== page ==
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DB LAWYERS SPLIT1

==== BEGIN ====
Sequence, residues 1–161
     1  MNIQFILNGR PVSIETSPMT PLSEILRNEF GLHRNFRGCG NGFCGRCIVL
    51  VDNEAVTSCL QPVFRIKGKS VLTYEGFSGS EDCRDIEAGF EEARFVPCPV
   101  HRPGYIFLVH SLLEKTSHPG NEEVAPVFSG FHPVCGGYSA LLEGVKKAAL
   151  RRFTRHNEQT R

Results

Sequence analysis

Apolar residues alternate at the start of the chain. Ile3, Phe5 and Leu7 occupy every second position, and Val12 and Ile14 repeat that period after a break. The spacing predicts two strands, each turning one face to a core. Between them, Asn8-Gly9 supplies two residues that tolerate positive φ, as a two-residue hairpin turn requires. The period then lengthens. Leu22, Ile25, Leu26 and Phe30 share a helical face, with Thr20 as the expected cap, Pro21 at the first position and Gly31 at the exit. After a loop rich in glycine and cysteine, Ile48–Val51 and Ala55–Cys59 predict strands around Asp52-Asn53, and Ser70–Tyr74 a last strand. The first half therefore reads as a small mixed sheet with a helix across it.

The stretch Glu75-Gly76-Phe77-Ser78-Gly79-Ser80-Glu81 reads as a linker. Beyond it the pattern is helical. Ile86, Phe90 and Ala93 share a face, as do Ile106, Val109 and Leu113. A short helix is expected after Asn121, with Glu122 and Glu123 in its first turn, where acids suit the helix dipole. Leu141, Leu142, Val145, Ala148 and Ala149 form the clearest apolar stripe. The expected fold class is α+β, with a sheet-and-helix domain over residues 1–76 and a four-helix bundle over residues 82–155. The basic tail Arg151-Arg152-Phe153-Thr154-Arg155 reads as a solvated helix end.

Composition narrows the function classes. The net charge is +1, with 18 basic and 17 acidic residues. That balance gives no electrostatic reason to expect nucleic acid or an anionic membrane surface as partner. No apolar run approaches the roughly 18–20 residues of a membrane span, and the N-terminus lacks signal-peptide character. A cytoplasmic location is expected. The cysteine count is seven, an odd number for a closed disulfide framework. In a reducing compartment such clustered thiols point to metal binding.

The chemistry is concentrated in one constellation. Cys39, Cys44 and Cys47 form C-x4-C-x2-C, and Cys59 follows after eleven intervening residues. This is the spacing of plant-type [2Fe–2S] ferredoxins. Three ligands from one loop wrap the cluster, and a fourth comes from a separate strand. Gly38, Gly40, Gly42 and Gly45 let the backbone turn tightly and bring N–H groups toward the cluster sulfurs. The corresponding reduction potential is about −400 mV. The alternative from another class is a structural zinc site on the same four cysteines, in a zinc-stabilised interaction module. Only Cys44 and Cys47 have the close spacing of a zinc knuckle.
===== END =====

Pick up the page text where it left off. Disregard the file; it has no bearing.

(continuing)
ON STONEHAM OFFER | James Insists on $2,000,000, but Blumenthal Calls | $200,000 'Nice.' CENSURE FOR BROKER -? Head of Firm 'Permitted j Wholesale Robbery of the j Worst Kind/ Is Charge. | WAR ON 'FLY-BY-NIGHTS'i Creditors' Connsel Favors a Board of Censors to Pro tect the Public. Creditors of the bankrupt brokerage house of E. D. Dier & Co. have been advised by counsel to withhold their acceptance of the $200,000 offered by Charles A. Stoneham, owner of the New York Giants, until a thorough in-* vestlgatlon of the details of the failure of the firm has been completed. It be came known yesterday. Opinion of the various organizations of the oredltors differs somewhat on the policy to be adopted, and to clarify matters for them, a special meeting of all creditors In this district will be ?ailed within th? next week or ten days. From the Western creditors of the Dler house, who are represented by C. C. James of Chicago, comes word that a payment of 25 per cent. Is not acceptable to them. In the words of Mr. James, according to Daniel W. Blumenthnl, who is working v.1th him at this end of the matter, "Mr. Stone nam will have to 'shell over' at least $S,000,000. <Hnnph?ni'K Action Cnlled \lcf. "Mr. Blumenthal, who with his brother, I Maurice B. Blumenthal, Is attorney for more than 500 Dler creditors In this dis trict. said yesterday that he did not exactly share Mr. James's opinion re garding what Mr. Stoneham should be requested to contribute, and said that he thought that the baseball man's offer of $200,000 based merely on what the latter terms a 'moral responsibility' was a 'very nice thing to do, considering that be -Is evidently innooent of any part In , the Dier failure.' " Regarding Elmore D. Dier, head of the brokerage firm, Mr. Blumenthal spoke quite differently, saying that both he and his clients felt that "Dier per mitted a wholesale robbery of the worst I kind." Whether Mr. Stoneham has been ex amined by the attorneys for the receiver, I Manfred H. Ehrlch, is a matter which seems to be rather vague in the minds of both the attorneys for the receiver and for the creditors. According to Leo Bondy, Mr. Stoneham's attorney, the baseball man was questioned when he returned from Havana some weeks ago. Until Saturday the attorneys for the -receiver intimated that Mr. Stoneham had not been examined, but when told of Mr. Bondy's statement they refused to say whether Mr. Stoneham had been , examined by them. Liwyrn Mnlnly Prrdrnt. It Is quite probable that a preliminary examination of Mr. Stoneham took place *t the meeting referred to on Saturday by his attorney, who said that at the meeting, which was attended by lawyers mainly, the offer of the $200,000 contri bution was made. In a letter written yesterday to Die rict Attorney Joab H. Banton by Mr. VlnmerMhal. the organization of a na 1 o:ial assoclntior to protect Investors fan suggested, to cooperate with the ?\.:tl:orlti? .??, should the plan of the DIs rict \ttorney to have strict supervision "f broker* be adopted. This committee, .'i tentatively suggested, would be com . of prominent financier* of repu tbie t tundlng In the various cities the country, who wou'd pass on the ? ability the would-be brok r before i; iter be peimitted to practice hi* f-Htle. , n tlitM way, it was mi,treated, a board ?' r?H.<blo censorship on "fly-by-night", "?iMll'crHgo houses would be established. ! T has been pointed out that the present! ? i editions permit any one with sufficient | ?<i>ltal to open and maintain an office. | . tine, business as an "lnvestmen* 1 i>: vjer," and countless of these "brokers" ! 5 , ve, according to various lawyers now ? vv' gatinar their activities, "tuddenly 'vi-app'ared from the lobbies of our best hotel* and gone hurriedly In the genera1 direction of Mexico or Canada." ANDREWS'S SECOND Wl*E FIRST SING SING CALLER Former Broker Forgets No. 1 in Giving Prison Data. Herbert Thornton Andrews, broker, | tinder two year*' sentence In Sing Slug,! revived as his first visitor yesterday, as ; fi'ion as he was eligible to receive Rollers, j ils second wife, Mrs. Esther Tetnall Ar-| drew*, whose name and address at 9, Spruce street. Jersey City, he gave to I the prison officials as that of his wife. When Andrews was on trial here on the charge of dcfraud'ng Horace Van Vleck of Montdalr of $20,000 In necurl ?lee on which he received his sentence, only his first wife?, Mrs. Maud Havtie* Andrews, trade a plea In his behalf for clemency. JVhlle living wltii his first wife Andrews tools to his Jersey City home the second wife, who was ft Plttn imrch stenographer. PIRATES AT TRAVEL SHOW. Pink Ten for llneenneer* W III lie , Kentnre of Interest. A Pink Tea for rraetlc;-! Pirates Is I ?n rdded feature of the Travel Show which will be held in the tirand Central Palnce In the week of March 25. Mrs. Marie Beynoti R-y, fiction writer, for merly m nririlng editor of Vogue, will be the hostess end r'eslres to pour for real, regular pl-atew, active or retired. Creole Bill Peddle, formerly buccaneer ing In the Indian O-ean, he* R. H. V. P.'d and Sullo Granada. ex-terror of the West Indies, wirelessed an acceptance. % All ex-pirates (and active ores If they elect to take a chance) are re quested to wear r>gul tlog pirate clothes ?brar* eairlrg", knlfo Hi front tec;h. red hcadkerchief, short pant* and red hash. (ienulne pirate* rnil not th<; Broadway kind arc the guests tleslrel. The reception for pirates will 'to held at 4 P. M. March JP. Alabama Town Creates Eve Street From Adam Specicl Dispatch toTue New YcdK TIiuai u MORIL13, Ala., March 12 ? Yea, this is tho day of woman. Recognition of the fact wns made to-day by the City Commission when it created nn K*e street from Adam atrcet. The process did not involve any taking of ribs, however. This res olution did the work: '"Therefore, Be It Resolved, that the street running north and south in Oak J ale, heretofore known as Adam street! shall be in the future designated as Eve street." FUNDS FOR NEWTON TO FIGHT BUCKETING Blue Sky Bills Shelved and Martin Law to Be Used Against Swindlers. Special Dispatch to Tho New Yob it Hmuld York H'mld lliirmu, ) Albany. March IS. f The Legislature will give Attorrey General Charles D. Newton the money he needs to get convictions fn scores of cases of stock swindling %nd bucket shop operations. In the supplemental appropriation bill Is an item of $10,000 with which the Attorney-General CAn engage accountants to examine the books of firms accused of bucketing. He had asked for ?20,000, but agreed to the smaller appropriation on the assur ance that If it is not enough he can call on accountants in the Stato Comptrol ler's office. Tho Martin law of last year em powered the Attorney-General to inves tigate and proscciito stock swindler complaints, or to proceed in such cases on h!s own initiative. He designated Major Rich of Brooklyn as a special deputy to act under the Martin law, but found that his hands were tied through failure of the Legislature to appropriate money for accountants. With the State appropriation the At torney-General, it was learned to-day. Is now ready to proceed against many questionable firms that have been im mune from the law. It is expected there will be many convictions and numerous swindling operators will be driven to cover. "Since the Martin law went into ef fect." said Attorney-General Newton. ' we found evidence that absolutely con vinced us that the laws against plain thieving- and misrepresentation were belne violated, but we could do nothing because we had no money for account ants to examine the books of the buck eting firms. The books will show in black and white the practices that these people have resorted to, and If there has been any wrongdoing they will produce evidence that cannot be questioned." Attorney-General Newton, as well as the legislative leaders, believe that mak ing it possible to enforce the Martin law Is the most practical way of curbing the epidemic of stock swlr?dllng. For that reason the Betts, the Katlln and all tho other blue sky bills introduced at this session have been abandoned. The Betts and Katlln bills are similar, except that one puts control of brokers under the Secretary of State and the other gives supervision to the Superin tendent of Banks. Both call for the licensing of brokers and for the filing of complete 'nformation concerning all sales of stocks. At a recent hearing on the Eetts bills representatives of the New York Stock Exchange opposed it as impracticable and declared that enforcement of the Martin law of last year was the best means of driving out the bucket shops. *as ^'sc'08e<l at the hearing that a uniform blue sky bill for all States la now being prepared and will be ready for introducing in all State Legislatures next year. $25,000 GIVEN HERE TOWARD WILSON FUND Intensive Drive Starts To-day in $1,000,000 Campaign. The New York State Founders' Com mittee of the Wnoflrow Wilson Founda- J tlon. composed of 300 prominent men and women of various political beliefs, has pledged $100,000 to the fund of $1,000,000 or more which the foundation is raising to endow Wilson awards for distinguished public service. More than S25.000 of this amount already has been j contributed and an Intensive drive will J h? be^un to-day to collect the remainder. Judge Martin T. Manton of the United! States Circuit Court of Afipea's. In chair- < man of the group. Its working Is being! directed from the natlo'nal headquarters! of the foundation at "lBO Nassau street. I The committee Includes Bernard M. j Fartich, G^ortte Creel, r.ainbrldge Colby, I Thoman W. Gregory, Henry Morgenthau, j Walker D. Bines and David Hunter! Miller, KILLS SELF; FATHER STARVING j llflrrnt, NT, la FoodlcM n* Son's Body Knnarx Three !)???, ruTN'AM. Conn., March 12.?The body | of Irving Summer, aged 54, was found ! hanging from a bedpost to-day In his : home at North Ashford. It was believed j he had hanged himself throe or four I days ago. He had not been seen since ! last Wednesday. In another room of the houwe laj* the dead man's father, Jesse Summer, who is 87 years t>ld. and so feoble he la un ablo to leave his bed. He was uncon- i sclous when neighbors arrived and ap parently had not had any food sines his son'commltted suicide, A physician said to-night that the aged man's condition wa.a serloud. HUNT 3 ESCAPED CONVICTS. Mlehtirnn Poller Rirnptnre Tito In MARQt'itTtr:, Mich., March IS.?State pollen to-night wero continuing a search in all "varta of the upper Michigan penin sula for three long term prisoners from the State reformatory here, who, with two others, escaped from the institution last night. Two of the escsped convicts wore re captured in ? ?rvnnip tK nr the. pri.?on soon after they >roko through the roof of the reformatory. HAVKH W 11" V. AFIHK. Mm Klin MeOravcs. aged 55, of 404 West Forty-fifth street, w. s preparing dinner for her husband James hint eve ning when her dreps was ignited by a Has range ip the kitchen. She ran through the aparrment, her clothlnn ablaze. McGrnves caught his wlfo in the parlor, threw her to the floor and extinguished tie flames by wrappltg her In overcorti. Mrs. McUrpws w s burned so severely about the hands, face nnd body that physicians at Belle vuo Hospital said last night she had slight ct>nnce of recovering. Her husband suf Commission Engaged in Nationwide Drive Against Crooked Promoters. COMPLAINTS MULTIPLY | Officials Unable to Catcli Up With Task of Inves tigating Frauds. INVESTORS ARE WARNED Advised to Communicate With Washington on Suspicious Stock Selling Concerns. Special Dispatch to Turn New xobk Hptai.d. New York Hemlil Rnrenn ) Washineton, D. C.. March IX. ( Swindling of thousands of small in vestors through wildcat stock promo tion and bucket shop schemes is being fouglr-t throughout the United States. Cooperating with the Post Office Department and the Treasury the Federal Trade Commission is engaging in a nationwide campaign against the class of swindlers exposed by The New York Herald. Thousands of letters are being re ceived from persons who have been persuaded by false statements and advertising to invest their life savings in worthless stocks- Complaints are piling up on tko commission faster than they can be handled with the present force of investigators. Adrtce to Invmtora. Given a reasonable time, the com mission can learn the exact financial standing and plans of almost any cor poration, Secretary J. Paul Toder says, in advising that before Investing in stocks and bonds concerning which there is suspicion. Investors communi cate with the commission. The commission is in a position to throw the full light of publicity upon the financial standing and methods of operation of all corporations in the country when this action is deemed ad visable. In addition the commission is exercising Its authority where de liberate fraud Is found to halt the sale o" stock by tricky promoters doing an Interstate business. The commission can Issue an order to any corporation to "cease and de sist" from the sale of its stock where fraud is proved. This Is under the statute giving to the commission au thority to prohibit practices in busi ness which are unfair to competing \ concerns and to the public. Fraud al- i ways Is classed as "unfair." Motor Concern'* Promotion. Thus far the commission has investl- j I gated the affairs of thirty-two corpora- I i tions at the request of owners of stock I i in them. It recently Investigated an I ; Illinois automobile manufacturing cor- | ! poratlon which was selling stock In ' jSojthern States. Although this con cern never had produced a car. it had j disposed of nearly $3/00,000 stock and | other securities. It offered to nell cars i at a discount to all stockholders. ITn- I der this plan the concern interested j thousands of persona, most of whom lost their money. In the case of a Delaware corporation ' organized to conduct an oil producing i company and a bank, an investigation | showed that the officers were finding j a ready sale for worthless stock by pretending to set aside a certain per centaga of earnings for charitable nnd philanthropic purposes. This corpora tion was organized with the assistance of a woman, who was the wife of the ' president of the company The couple . were advertised as promoters who had pccumulated Jl.OOO.O'X) In a private for tune In oil and were endeavoring to operate a big business for the benefit of charitable purposes. The corpora tion's advertisements and prospectuses were found to contain untruthful and i misleading statements. Mrthn<l of Investigation. When complaints conferring ntoek schemes am received by the commls- ? slot) Its first act la to send to the cor. . I oration promoters a questionnaire. Failure to reply makes thr> corporation officials liable to fine of J6.000 or one year In prison or both. A correspond- i Ingly heavy penalty 1h attached to the i return of false Information. Almost every aspect of the corpora- i tion'3 financial affr.lrs, plan.-, for the Tuture, method of doing bnslnena and standing of the officer* must be d's- . closed if the questionnaire be correctly answered. Under the law the Federal Trade Commission mav make public tf-e questionnaire in whole or In part. Agents of the commission are trained In the rtudy of these questionnaires If Is explained that It is very difficult for a Fhady promoter or trick corporation to conceal dishonest motives. Where the questionnaire indicates thit the corpo ration Intend* not to operate to the bot Interests of Its stockholders, the com nilreion may make public the aruitvers to warn other Investors. Under the questionnaire system th* Federal Trade Commission is In a po- | sit.lon to exercise the porters of a Fed- , eral blue sky law agency. PnMlelty Fxpotea 'wlndllnj;. Publicity is death to swindling stock schemes. Because of the necessary legal delay Involved in the collection and announcement of the Information contained in tlio questionnaires It Is soinetlmen possible for trick promoters to brltiK their stock selling campaign to a whirlwind close before the commis sion can bring to bear upon them the pressure of publicity. The comtnl'fllon Is powerless to act -'?.gainst corporations which are operat ing Completely within fho boundaries of a single Btats. It Is only when their selling campaign stretches over a State line thai, the Federal Government can get Info the game. When complaints are r*celvcd bv the commission nnd the questionnaire pm e?s Is romnlet". th" n*'Xt st<n) Is to bold healings for the presentation of evi dence. t?nd"r the I w ? b respond "t corporation may have thirty days In which to prepare Its evidence. Several more weeks ure required before tb) cate finally petit to the point of final adjudi cation by the commission. When the evidence Is all in the com mission reviews it nnd decldcs whether an order shall be Issued to the corpora tion to "eeaie and desist" from Its un fair practice. This order acts as en inlunctlon ard <"an be enforced through the courts. It eon be made to operate ffectively to prevent any corporation om veiling stock by traud and diet onesty. Fuatal luaprolori Help. Backing up and cooperating with the Federal Trade Commission are the in vestigator* and business detectives of the Post Office Department. Spriad over every section of the country this force of investigators continually Is on the lookout for stock swindling schemes. Complaints are received by th-3 Post Office Depnrtnient at the rate of several '??undred a day and action by the In spectors Is prompt and efficient. In the Post Office Department Build ing here Is a large room crowded from floor to ceiling with files containing re ports of Investigations by Inspectors. A ery large percentage of the reports have to do with stock swindling schemes. Most corporations In conducting stock selling campaigns uso the mails to a very large extent. This gives to the Post Office Department its lever to dis lodge dishonest promoters from thel" money grabbing. Misleading state ments In letters and advertising sent through the malls lay the tricky pro moter op-n to proaocution. Oil production is the favorite vehicle for the organization of corporations by 'rlcky promoters. This is becauso of the publicity that has been given to the oil business nnd to the aileprcd large fortunes made ovei*night through lucftv ventures In drilling operations. An ?Oklahoma corporation recently '?as or "?n'zed to sell 5,000,000 shares of oil stock at 10 cents each. It was success ful until the Federal Trade Commissi ~n oxpo?ed It. T>'e loss was In the neigh borhood of $500,000. Another oil concern "old a large number of shares at II es eh. Fraudulent Intent TInrd to Prore. Few oil corporations bo<rli ooere "*lth a capital stock plan of less than *?ooooco the reeonln show. A capltsll '/.aMon of $1,000 000 tn considered modest Tt 1s very difficult for the Government investiirators to prove fraudulent intent hy promoters. There Is nothI"ir Illegal, of course. In s Inr-i-e capita ligation nor In the sa'e of millions of do"ars In stock. It '? Pointed out. however, that to drill a well to test n trlven 'reality for oil cost but $10. wo or rB.ft'rt. A concern "?hich pel's ml'Mons of do'iars of stoe 1c before it begins to drll' Is retarded as "itsplclous. Some have paid cash dlvl ?lends before a single acre of land whs i"'ned. The plan of the oil stock promoter Is *o or"cnlzp the enmranv, tal <n(r a larpe Mock of sto^k for his labor. Tills Is ?ultimate. But the plan, as If Is gen erally worked Is for the promoter to wll h's stock and then roelen from h's position as executive nfcer This usually loaves the stockholders with a large number of dehts. no ns?f>ts and most freouentV without Irtnd machinery or other naraph?malla of production. Some corpor?tlons>. orflfbed hv pro moters who intended to sell their stock nnd th??n ms.ke a tr?jt-R'"a\\ have cone to thp point of mnVine- monev desn'ta the dlshonestv of the offers On rec ord fit th? Post Off'co Department are several such case? This la contraty to thp nrocpiiife ft*" t^io pro moter. It interferes with his p'ons. pjnns do not include the resoonsl b'l'tv attendant unon the management of a going concern. Next to oil the favorite r^h'cle of "?oclt promotors Is the automobile. -Hion eomes the radium comnanv. the slrp'ape msnuroctnr'nar line and finally tho finance corporation. Soitif* Tent ftnM<lnni. Rome of the information renulrefl of promoters In the qtipitloBtiKlro ow'l bv the Federal Trade Commission Is shown In the following nuesHons chosen at from the questionnaire form: Name of oomnnny? State of Incorporation? Statutory ?f Pfjnr-fno| Places other than prlnetnal offce T.'h^rf? company maintains office or does business? Amount of preferred and common stock authorised; state par value of each? Amount of preferred and common stock Issued? State the name of promoter or orpan-' Izer. State previous business connections of promoter or organiser. What compensation or benefit was received hv promoter or organiser? j Annex con'es of all promotion agree ments find proposals. To whom w'r snob stock Issued and ' for what consideration? TVvsoHhn brir"v the business niimo??-< j and objects of the corn-innv: where It Is j to be conducted: the facilities and plant ; avnt'ab'e therefor? What Is th" company's mmedlhte plan I of action? What amoun* of money will be necessary to acoompluh It: how Is It proposed to raise this money what stocks or securities arc o be sold there for or have been sold, and op what i bafls? How much has been paid to date as commissions, bonus or salary to stock salesmen? !)<? inn nil for Mtfrntnr*. Annerc copes of all literature, adv<*r tlscmenta. prospectuses and .'?Irculars used In furtherance of tne sale ot stocks nnd securities by company or others, anri ?nv Inst met Ions ?o s*o<-k ?*,l????w>n Describe accurately, but briefly, the properties acquired, real and personal, with all Improvements or plant ,iow on. or to be placed thereo 1. the amounts raid or to be paid In money, stocks, bonds, securities rr otherwise, therefor, and the actual value of -ach pottlon or parcel thereof. Give similar description of an) prop erty or properties which the company h?s contracted to acquire or intends to acqu're. Annex (1) trial balance; (8) last balance sheet, or balance sheet prepared for the purposes of this report; (8) profit and loss account. Give the sross Income from opera tion or production during preceding twelve months. Do you offer to accept, exchange or diaposo of Thrift Stamps, War Savin* Stumps, or Liberty bo..ds In order to sell your own stock or securltie ? If your answer to the last question or any part thereof Is "Yes," Will you voluntarily cense gnd desist from such practices In the futur"? JERSEY METHODISTS GET ASSIGNED TO-DAY Deacons and Elders Ordained at Atlantic City. Atuntic Citt, March 18.?Bishop H. | Lester Smith of India preached the an nual conference sermon before the New Jersey Methodist Kplscopai Conference to-day. , The following wore ordained deseons by Bishop Joseph Berry, assisted by Hiahop ?mlth : The Revs. A. L. Dnvles. 8. Tt. Latham, O. 8. South wick, Harry Van Cleaf and H. C. Hanck. The Kevs. I. 8. Pimm, J. F. Dorrnan, N. D. Kclley. Lynwood Miller anil J. P. Toi lette were ordained ciders. The pulpits of virtually all the Protestant churches of the city, with the exception of the Kplscopallan, nvro occupied to-day by de'esrutes attending ; the conference. Nothing definite is j known ->>encrrnin(r the pulpit assign- j ments. which will be announced to morrow. UKoitat.t^ra i.vvrn wi:<;no. . Ati.anta, March 12.?Chorcr.l with nhootlnr 1. O. Anderson, n white farmer : near hero, Alfted Williams, negro, to day was taken from a posse, which | was bringing Mm to the Jail here, and . . lynch c" \t.rt-r?on trill r vscver i HUNDREDS OF BILLS GOING TO SCRAP PILE I Scramble Made to Help Pet Measures as Legislature En- i ters Final Week. Special Dispatch to Thu New Yobk j Stw Vnrk II?r?M Bureau. ) Albany. Mnrrh JS. f The Legislature starts the Anal week of Its 1922 session to-morrow with hun dreds of bills on the calendars of both hoimes; with Gov. Miller's program still uncompleted, and the members of the Senate and Assembly grabbing and grappling for their pet local Mils needed by the organization boys back home. Nominal leaders of the Senate and Assembly arc slttlmr In conference to night behind closed doors deciding what hills are to be marked for passage. But as the session nears Its end. Gov. .Miller Is still the undisputed leader of his party, The session has strengthened rather than weakened his grip on the party and the majorities In the two houses will go through the motions during the next few days of passing or killing important measures. But It Is well understood the Governor gets what he wants. Hundreds of bills will go Into the discard. The pork barrel measures will die by the score. The Important meas ures on the Governor's program yet to bo enacted are the water Kbwer. child welfare, maternity and central State purchasing board bills. The reform lobby met with disaster In the legislature this year. Nearly every bill the reformers brought to Al bany has been lost. The Anti-Saloon League's triplets were doomed when many of the dry legislators themselves turned against them. The Lord's Day Alliance bill to license poolrooms. Canon Chase's bill abolishing Jazz. and nu merous other measures never were seriously considered The anti-jazz bill, which specified how many steps to the minute dancer.'! could take and how far apart they should stand, and tabooed cheek to cheek dancing, was pigeonholed the minute It was Introduced. All home rule and soldier bonus meas ures have been abandoned About the only Important measure for the soidters which will pass Is that appropriating $1,000,000 for disabled veterans, and the only home rule action likely to be taken Is the creation of a commission to study the question. Gov. Miller has approved both proposals. The Governor's maternity bill was Introduced In place of a measure au thorizing the State to participate In the Sheppard-Towne- maternity and Infancy act of the Federal Government. It appropriates 1100.000. The State would have had to appropriate only $75,000 under the Federal act. but Gov. Miller objected to national Interference In what he believed to be purely a State function. If the Legislature takes any action at all on a soldier bonus It will be ' th? adoption of a constitutional amend ment making It possible for' the Btate to issue bonds for this purpose. The American L?egion opposed a constitu tional amendment on the ground that it would tako four or five years before the money would be available. They insisted on an immediate" appropriation I of *30,000,000, but Gov. Miller and the ; legislative leaders did not want to take the responsibility of spending so much money of the State. M'ADOO PLANS TO BARE ALL COTTON DEALING 1 Bucket Charges Must Be Dis proved or Sustained. Tho John Doe inquiry into the cotton I brokerage business In this city will be I resumed this afternoon before ChU'f ! Magistrate MeAfloo in the Crmina! ' Courts Building, and daily sessions will be held thereafter until the bucketing i charges made against certain cotton traders are sustained or refuted. Judge McAdoo announced at the first ! hearing last Tuesday that the investiga ! t:on would not be confined to specific ! complaints, but would embrace every phase of the business In New York, wh oh Is the greatest cotton market in ! the United Stahes. He has asked Dis j trict Attorney Banton to prepare for i prosecutions on these lines The American Cotton Exchange, which deals In "odd lots," asked a public hear | Ing rather than a Grand Jury probe. | The proceedings are directed against j John Doe. Richard Roe, John Doe Com pany, John Doe Exchange. John Doe | Clearing House and others so that not : only the American Exchange, but the larger New York Cotton Exchange will ' be scrutinised. Members of the govern I ing committees of both exchanges, cotton exparta. brokers, commission men, grow I ers and manufacturers will be examined to determine whether the law has been violated. Another case growing out of the recent campaign against buck*.. shops and stock frauds?that of Julius H. Schwarts, Max ' Goldstein and others?Is up for trial to day In the United States District Court! EMPLOYMENT IN STATE SHOWS 3 PER CENT. GAIN Clothing Industry Reports the Largest Increase. _____? Alban'T, March 12.?Increases tn em ployment In virtually all of the Indus- j tries In New York State <jre reported I In an analysis of employers' reports Issued to-night by Henry D. Sayer. j State Industrial Commissioner. A 3 per cent, increase in factory employment, the second largest gain since "the bo glnnlng of the depression," Is featured In the report "Improved business conditions and seasonal demands were the chief fac tors causing the gain In employment." said the report. "The reopening of fac tories after the semi-annual inventory and repairs also was responsible for greater employment. The reductions reported were due to seasonal lull." The clothing Industries reported the largest increase of any of the chief industry groups. ROLLS-ROYCE ANNOUNCES NEW PRICES GVARANTEED An Open Phaeton - $10,goo 785 FIFTH AVENUE B'WAY at 57th St., FISK B'LDO R1TZ-CARLTON - ATLANTIC CITY The United Electric Light & Power Co. GvmulQffisu: 130 Em! 13th St. Brtnch Ofieu: 89th St. <i B'trty. 146th St. k B'w*j>. The United Electric Shops Large and beautiful displays of elec trical home comforts and necessities ?some perhaps that mil afford suggestions for the little things, the useful things, which will tend to make your home more homelike and your housework less tiresome, are to be found at each of our three branch offices. A visit, we are sure, will prove pi urable. You are always very welcome whether you come to buy or merely to look around and ask questions. y Oat P?t* Htlt CtU Sutlm. ma In tperufim, "For men may come and men may go, But I go on forever*" ?and the worJt of your Trust Company goes on?p*'rP*tually? COLUMBIA TRUST COMPANY ' ?' No MATTER WHEN the time may come, the Columbia Trust Company, as Executor of your estate# will be here to act for you ?to distribute the fruits of your business life?your money, as you wish, to whom you wish, and in the amounts you wash, exactly as you write it in your Will. Member of Federal Rescri* System t>?r ??' ut* <???>? 7V?m 0k.